Youth in Mission: Experiencing the freedom to fail
SNU's student newspaper: The Echo -- Everybody likes to have freedom. In the U.S., people enjoy the freedom of speech, the freedom to live where they want, to eat what they want, to do what they want, to believe what they want. Many Christians believe that they are free in Christ or have at least told me that Christians are free in Christ, but honestly, I, a Christian, have no idea what it means to be free in Christ and have never really felt free.
I've constantly been under pressure to be a "good, little Christian," in my family and church and have even put pressure on myself. If I'm not a "perfect Christian," then I will be judged and my witness to others will be ruined for life. No one will think I'm worth anything or believe me when I tell them about Christ and his love for them because they saw me do this or they heard me say something that I shouldn't have.
Whether people have said these things to me or not, I put these things into my head, I am probably harder on myself than anyone could ever be. I have been a perfectionist all my life and for the most part have not allowed myself, or put myself in a situation to fail.
This summer I was a part of something called Youth In Mission and I lived in Moscow, Russia for two months. I went into this mission thinking that I was going to do something great for the Nazarene church and ultimately for God.
But looking back on the trip, it doesn't seem like I did anything but fail and I did this in front of my new friends. My three teammates and I felt like we had done nothing for the church but scrape paint from window frames, play with kids, and stroll around Moscow all day.
Of course, it was a nice vacation, but that's not what we were there for. We were there to work hard and accomplish things for God, not ourselves. But maybe that's what God had planned. Maybe God was giving us the opportunity, or the freedom to fail.
What's more important though, is that God didn't stop loving us or love us any less because we didn't accomplish what WE wanted. It almost seems weird to say this, but I'm a new person because I allowed myself to accept the failures in my life.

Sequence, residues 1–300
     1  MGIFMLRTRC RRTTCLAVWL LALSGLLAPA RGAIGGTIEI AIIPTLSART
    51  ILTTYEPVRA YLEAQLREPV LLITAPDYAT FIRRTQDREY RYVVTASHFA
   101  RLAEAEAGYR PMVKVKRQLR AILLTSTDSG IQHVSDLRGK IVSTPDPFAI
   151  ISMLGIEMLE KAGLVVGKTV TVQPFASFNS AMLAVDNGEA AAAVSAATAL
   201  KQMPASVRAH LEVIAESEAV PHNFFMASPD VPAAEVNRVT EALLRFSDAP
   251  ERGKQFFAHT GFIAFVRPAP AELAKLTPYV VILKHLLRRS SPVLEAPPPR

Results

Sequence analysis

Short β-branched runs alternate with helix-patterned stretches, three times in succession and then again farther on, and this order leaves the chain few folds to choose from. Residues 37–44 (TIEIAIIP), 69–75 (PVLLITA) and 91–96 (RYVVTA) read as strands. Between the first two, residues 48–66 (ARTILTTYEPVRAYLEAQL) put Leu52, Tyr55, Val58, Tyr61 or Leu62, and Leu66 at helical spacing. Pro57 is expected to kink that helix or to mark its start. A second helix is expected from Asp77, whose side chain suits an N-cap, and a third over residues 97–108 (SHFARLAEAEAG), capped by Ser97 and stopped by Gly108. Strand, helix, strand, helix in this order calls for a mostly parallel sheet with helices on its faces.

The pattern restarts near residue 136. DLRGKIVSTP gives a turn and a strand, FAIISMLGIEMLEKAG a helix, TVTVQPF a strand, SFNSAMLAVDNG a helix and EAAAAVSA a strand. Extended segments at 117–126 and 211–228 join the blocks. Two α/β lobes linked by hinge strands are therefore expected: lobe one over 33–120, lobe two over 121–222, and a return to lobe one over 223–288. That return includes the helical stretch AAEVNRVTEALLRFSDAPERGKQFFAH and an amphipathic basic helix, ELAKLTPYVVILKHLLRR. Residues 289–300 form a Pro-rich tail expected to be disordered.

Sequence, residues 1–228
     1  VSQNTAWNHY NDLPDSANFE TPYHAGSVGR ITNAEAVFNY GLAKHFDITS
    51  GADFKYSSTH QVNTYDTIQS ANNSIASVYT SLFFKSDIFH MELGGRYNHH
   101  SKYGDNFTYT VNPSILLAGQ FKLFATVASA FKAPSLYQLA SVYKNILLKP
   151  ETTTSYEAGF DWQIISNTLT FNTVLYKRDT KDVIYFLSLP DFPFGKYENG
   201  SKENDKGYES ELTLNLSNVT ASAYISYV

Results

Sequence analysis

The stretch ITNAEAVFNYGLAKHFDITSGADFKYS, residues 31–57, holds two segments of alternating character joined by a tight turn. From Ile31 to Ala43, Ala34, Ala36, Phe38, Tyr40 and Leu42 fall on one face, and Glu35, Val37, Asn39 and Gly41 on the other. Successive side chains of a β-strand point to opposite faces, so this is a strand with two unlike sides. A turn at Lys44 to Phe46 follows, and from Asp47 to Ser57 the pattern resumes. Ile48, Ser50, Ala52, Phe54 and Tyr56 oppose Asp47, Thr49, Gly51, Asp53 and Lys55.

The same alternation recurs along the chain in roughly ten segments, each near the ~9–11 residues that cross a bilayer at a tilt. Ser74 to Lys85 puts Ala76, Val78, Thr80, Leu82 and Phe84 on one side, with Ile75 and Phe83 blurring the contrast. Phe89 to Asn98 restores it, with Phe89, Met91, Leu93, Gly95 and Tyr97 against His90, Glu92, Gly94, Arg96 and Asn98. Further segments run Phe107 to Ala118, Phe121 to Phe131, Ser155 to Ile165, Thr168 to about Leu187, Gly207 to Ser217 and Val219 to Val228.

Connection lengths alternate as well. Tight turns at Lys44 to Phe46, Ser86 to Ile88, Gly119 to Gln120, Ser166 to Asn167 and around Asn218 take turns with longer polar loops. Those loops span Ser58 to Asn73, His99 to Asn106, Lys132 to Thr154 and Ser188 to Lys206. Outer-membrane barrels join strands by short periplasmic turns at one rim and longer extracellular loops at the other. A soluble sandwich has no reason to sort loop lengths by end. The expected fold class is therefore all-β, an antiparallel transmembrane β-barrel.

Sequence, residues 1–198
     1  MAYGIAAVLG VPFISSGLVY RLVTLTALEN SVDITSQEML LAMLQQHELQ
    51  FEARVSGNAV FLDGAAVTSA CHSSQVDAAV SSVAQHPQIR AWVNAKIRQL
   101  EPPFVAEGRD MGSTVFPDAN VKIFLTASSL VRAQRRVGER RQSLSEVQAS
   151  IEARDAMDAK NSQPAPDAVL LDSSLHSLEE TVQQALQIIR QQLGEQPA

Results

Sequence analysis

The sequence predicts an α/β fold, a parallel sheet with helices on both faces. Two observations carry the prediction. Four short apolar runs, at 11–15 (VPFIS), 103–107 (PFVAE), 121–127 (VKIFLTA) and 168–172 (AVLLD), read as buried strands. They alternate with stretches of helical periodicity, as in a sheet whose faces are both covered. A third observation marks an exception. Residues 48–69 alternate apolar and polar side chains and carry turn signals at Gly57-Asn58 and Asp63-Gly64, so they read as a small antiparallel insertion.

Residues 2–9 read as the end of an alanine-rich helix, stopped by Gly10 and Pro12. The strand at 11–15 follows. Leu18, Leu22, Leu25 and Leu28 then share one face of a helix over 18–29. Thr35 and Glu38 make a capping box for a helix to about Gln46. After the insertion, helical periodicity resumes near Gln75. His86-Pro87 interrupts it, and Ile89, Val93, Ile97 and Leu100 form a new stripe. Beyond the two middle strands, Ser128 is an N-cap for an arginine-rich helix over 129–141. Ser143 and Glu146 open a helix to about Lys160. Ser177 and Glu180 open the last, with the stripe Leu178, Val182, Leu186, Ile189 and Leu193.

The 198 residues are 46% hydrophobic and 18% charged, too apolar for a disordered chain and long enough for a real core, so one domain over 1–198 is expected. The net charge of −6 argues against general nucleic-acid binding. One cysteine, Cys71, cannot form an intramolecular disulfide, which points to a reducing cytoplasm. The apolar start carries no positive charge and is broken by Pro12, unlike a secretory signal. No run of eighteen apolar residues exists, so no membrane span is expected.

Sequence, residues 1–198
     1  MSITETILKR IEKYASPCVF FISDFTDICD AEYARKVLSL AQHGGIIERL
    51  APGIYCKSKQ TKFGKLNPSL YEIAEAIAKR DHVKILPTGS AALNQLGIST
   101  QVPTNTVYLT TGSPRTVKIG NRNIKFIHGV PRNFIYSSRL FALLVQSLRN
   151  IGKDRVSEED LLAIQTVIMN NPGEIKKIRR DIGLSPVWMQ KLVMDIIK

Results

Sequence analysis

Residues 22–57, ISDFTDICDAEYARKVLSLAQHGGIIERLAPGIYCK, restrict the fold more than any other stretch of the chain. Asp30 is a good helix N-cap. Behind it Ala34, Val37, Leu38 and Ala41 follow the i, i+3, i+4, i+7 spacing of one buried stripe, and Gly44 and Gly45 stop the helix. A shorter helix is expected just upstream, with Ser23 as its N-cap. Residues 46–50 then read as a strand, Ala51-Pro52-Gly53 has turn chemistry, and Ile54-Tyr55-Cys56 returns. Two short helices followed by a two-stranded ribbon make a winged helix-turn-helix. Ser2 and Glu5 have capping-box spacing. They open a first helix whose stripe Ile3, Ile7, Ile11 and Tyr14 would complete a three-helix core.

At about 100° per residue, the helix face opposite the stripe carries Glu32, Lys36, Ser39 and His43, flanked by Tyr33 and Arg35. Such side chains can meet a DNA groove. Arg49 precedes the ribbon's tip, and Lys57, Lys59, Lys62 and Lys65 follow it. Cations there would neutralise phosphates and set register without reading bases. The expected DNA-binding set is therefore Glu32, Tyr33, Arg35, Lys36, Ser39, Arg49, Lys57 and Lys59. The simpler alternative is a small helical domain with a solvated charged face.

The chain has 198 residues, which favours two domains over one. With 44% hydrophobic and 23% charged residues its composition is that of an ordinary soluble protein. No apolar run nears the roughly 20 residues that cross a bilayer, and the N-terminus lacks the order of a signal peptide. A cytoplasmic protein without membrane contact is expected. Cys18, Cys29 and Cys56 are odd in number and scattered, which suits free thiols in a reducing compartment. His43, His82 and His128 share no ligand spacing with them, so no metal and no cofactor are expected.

"It is only when we give ourselves permission to fail, that we give ourselves permission to excel." says Wormholdt.
If anything, failure makes me a more realistic person, not a saint's carbon copy that I wanted everyone to see! I'm more real with myself, more honest with others, and though my relationship with God is not a perfect one, it's a real!
I'm not trying to be someone else anymore. I'm not a "perfect Christian", but then again, who said God wanted us to be perfect? Perfection is not always a good thing.
In H. Wesley Balk's book, "The Radiant Performer," he describes perfectionists as this:
"Perfectionists carry a heavy burden. They are convinced not only that nothing they do is ever good enough, but worse, that they are not good enough. Further, they know that they never do as much as they should, but that they could be perfect if they could only figure out how. They must always know all the answers, always do everything right, always be correct, never make mistakes and since none of this is possible, they must continually beat up on themselves for their inadequacy."
Being a perfectionist inhibits our minds from doing things God's way. We are too selfishly consumed with doing it the way we know best and do not allow God to have His hand in things.
Coming to grips with the fact that I am not perfect was the greatest thing that I could have ever admitted to myself and others. It made me more aware of the greatness and unlimited supply of God's love and grace for me. He accepts me no matter how many times I fail and no matter what I fail at. Maybe this is part of what being free in Christ means!
This summer definitely had its good times and hard times, and I am still trying to figure out everything that God really taught me from this experience. So far, I've learned that if I open my heart up for God to teach me something, He will, but it's not always what I expect and sometimes I have to take a deeper look.
Posted on Fri, October 11, 2002
by Christyn Lauffer